To honour the coronation of King Charles III, we look back into our archive to explore how staff and pupils at the Foundling Hospital celebrated previous coronations.
Royal support was at the heart of Thomas Coram’s campaign for a Foundling Hospital: when George II granted a royal charter in 1739, it meant that the Foundling Hospital would be built.
Ever since, the coronations of British monarchs have highlighted those close connections.
As Prince of Wales, the grandson of George II had been President of the Foundling Hospital from 1809. He held this office until he became King George IV in 1820, when his brother the Duke of York and Albany took over.
When, in July 1821, George was crowned, the Foundling Hospital’s sub committee ordered ‘that two dozen of wax torches be provided to illuminate the front of the Hospital on the occasion of the Coronation of his Majesty.’ We also know that the children were given plum puddings to mark the occasion.
In 1830, William succeeded his brother and was crowned the following year. On 7 September 1831, Mr Aldridge, Mr Devon and Mr Greenwood, three governors meeting at the hospital agreed that ‘The coronation of their majesties being appointed to take place tomorrow… the same allowances be made to the Children’s officers and Servants of the Hospital and the same number of torches provided as were granted on the Coronation of his late majesty George the fourth.’
No mention of plum pudding though. It was back on the menu when Queen Victoria was crowned on Thursday 28 June 1837. On the Saturday before the event, the governors decided, ‘that on Thursday next, being the day appointed for the coronation of Her Majesty the Queen, the children have a holiday and Plum Pudding, and that extras be provided for the officers’ and servants’ tables.’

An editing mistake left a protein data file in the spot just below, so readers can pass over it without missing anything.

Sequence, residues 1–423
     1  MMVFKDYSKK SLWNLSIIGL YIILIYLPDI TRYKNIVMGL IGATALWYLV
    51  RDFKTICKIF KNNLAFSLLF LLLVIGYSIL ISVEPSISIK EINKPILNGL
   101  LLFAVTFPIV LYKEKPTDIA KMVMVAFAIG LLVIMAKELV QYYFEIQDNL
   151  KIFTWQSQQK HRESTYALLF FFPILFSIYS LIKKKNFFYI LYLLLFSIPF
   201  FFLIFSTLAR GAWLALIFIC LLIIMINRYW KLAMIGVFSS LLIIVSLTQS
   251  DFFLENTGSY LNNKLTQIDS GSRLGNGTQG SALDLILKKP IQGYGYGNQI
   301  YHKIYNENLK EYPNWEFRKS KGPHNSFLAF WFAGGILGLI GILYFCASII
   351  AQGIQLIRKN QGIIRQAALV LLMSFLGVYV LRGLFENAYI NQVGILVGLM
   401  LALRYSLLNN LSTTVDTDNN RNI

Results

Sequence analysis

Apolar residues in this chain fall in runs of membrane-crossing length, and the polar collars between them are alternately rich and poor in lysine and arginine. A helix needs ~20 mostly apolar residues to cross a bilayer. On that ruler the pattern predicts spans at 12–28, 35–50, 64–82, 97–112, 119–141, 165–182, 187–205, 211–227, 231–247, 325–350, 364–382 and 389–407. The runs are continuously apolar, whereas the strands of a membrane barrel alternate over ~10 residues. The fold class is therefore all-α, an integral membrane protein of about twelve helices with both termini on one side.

Edward VII’s coronation was set for June 1902, although it had to be rescheduled to August when he developed appendicitis. In May, the London Letter – a syndicated column which included official news of royal events– reported that on the day of the Coronation, the Prince and Princess of Wales would ‘entertain 12,000 orphans in the grounds of Marlborough House (their London residence).’
There was a special treat for the Foundlings. Children from the Foundling Hospital ‘will be the guests of their Royal Highnesses on the day of the Coronation, and besides having the opportunity of seeing the Royal processions, they will be entertained to dinner and each presented with a cup as a souvenir of the occasion.’
We can find no details in the British newspaper archives of celebrations at the Foundling Hospital for the coronations of George V and George VI but it is likely that the events were marked.
By the time of the next coronation of Queen Elizabeth II, the Old Coram Association had been formed. Its members, all former pupils of the Foundling Hospital and its successor, the Thomas Coram School, were keen to celebrate. Francis Garnier – probably a member of OCA – wrote a special hymn which was published in Coram News.
In its leader column the editor of Coram News, Wyndham Gray, gave a personal perspective on the day:
“As I write, the decorations still adorn the streets, and great numbers of visitors are admiring the lavish ones on the Coronation Route in London. I was one of the vast body of unseen worshippers, probably twenty million I hear, that took part on the Coronation ceremony, and had an unforgettable view of the whole proceedings. For this experience I am deeply indebted to all our members whose generosity kindly allowed me to be the proud possessor of a television set.”
The cover of the Radio Times marking the coronation of Queen Elizabeth II. Nearly 12 million people in the UK, and millions more abroad, were able to watch the event on television on sets that were hired or bought for the occasion. They included the Coram News Editor Wyndham Gray. Source: https://bit.ly/44yTZ31
Queen Elizabeth II on her Coronation Day. Photo by Cecil Beaton – Royal Collection RCIN 2153177, Public Domain. Source: Wikimedia Commons https://commons.wikimedia.org/w/index.php?curid=122817149
You can view a gallery of photos from royal visits to the Coram campus below.